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The Valuation Handbook: Valuation Techniques from Today's Top Practitioners by Rawley Thomas, Benton E. Gup

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CHAPTER 11
The LifeCycle Returns Valuation System
 
Rawley Thomas
President, LifeCycle Returns, Inc.
 
Robert J. Atra
Chair of the Finance Department, Lewis University
 
 
It’s simple,” exclaimed an academic at a recent conference. “The value of a firm is the present value of the firm’s cash flows.” Practitioners, however, understand that valuing a firm is anything but simple. Though most would agree with the soundness of valuing a firm by a discounted cash flow (DCF) methodology, the details of the process become a source of much debate. Consider, for instance, the issue of computing what cash flows to discount. Ask a dozen valuation experts what the firm’s future cash flows are and those experts will likely reveal a dozen different answers.
This chapter presents an overview of the LifeCycle Returns system for computing valuations. We say “system” for several reasons. First, system refers to the process by which a builder develops and improves a model. We do not expound on that process since Chapter 3 presents that procedure in detail.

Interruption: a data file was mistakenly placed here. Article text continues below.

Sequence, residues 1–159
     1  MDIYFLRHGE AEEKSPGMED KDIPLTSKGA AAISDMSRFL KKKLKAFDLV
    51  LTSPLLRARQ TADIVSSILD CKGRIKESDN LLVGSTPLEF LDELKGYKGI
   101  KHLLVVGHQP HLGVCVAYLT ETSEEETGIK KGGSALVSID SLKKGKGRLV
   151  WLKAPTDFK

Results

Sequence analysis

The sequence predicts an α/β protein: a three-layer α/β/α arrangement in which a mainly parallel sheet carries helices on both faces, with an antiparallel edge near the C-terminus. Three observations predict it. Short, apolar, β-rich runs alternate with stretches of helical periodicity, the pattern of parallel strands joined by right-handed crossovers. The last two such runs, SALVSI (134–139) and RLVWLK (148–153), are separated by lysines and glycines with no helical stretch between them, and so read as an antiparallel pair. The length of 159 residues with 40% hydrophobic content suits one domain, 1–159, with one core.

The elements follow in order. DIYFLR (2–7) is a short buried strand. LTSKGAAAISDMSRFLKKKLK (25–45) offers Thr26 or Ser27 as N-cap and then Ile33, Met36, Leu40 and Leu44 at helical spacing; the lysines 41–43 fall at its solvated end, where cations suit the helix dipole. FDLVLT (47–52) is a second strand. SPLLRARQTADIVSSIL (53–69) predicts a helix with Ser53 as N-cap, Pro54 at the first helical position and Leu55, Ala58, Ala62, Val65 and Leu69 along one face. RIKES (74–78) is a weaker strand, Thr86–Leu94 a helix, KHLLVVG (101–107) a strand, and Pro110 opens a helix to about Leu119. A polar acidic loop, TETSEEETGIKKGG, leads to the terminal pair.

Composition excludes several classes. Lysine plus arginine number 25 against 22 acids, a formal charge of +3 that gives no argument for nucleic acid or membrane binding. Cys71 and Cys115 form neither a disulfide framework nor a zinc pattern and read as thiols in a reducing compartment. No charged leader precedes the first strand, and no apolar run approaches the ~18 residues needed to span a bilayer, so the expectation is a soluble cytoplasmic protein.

Second, system also refers to the way LifeCycle considers theory and practice to interact.1 Traditionally, theories are developed and then tested. When theories fail empirically, theoreticians develop substitute theories and the testing process begins once again. LifeCycle’s research system treats observations of actual data as the starting point of the system, not the initiation of an untested theory. Once the model builder observes a phenomenon, ...

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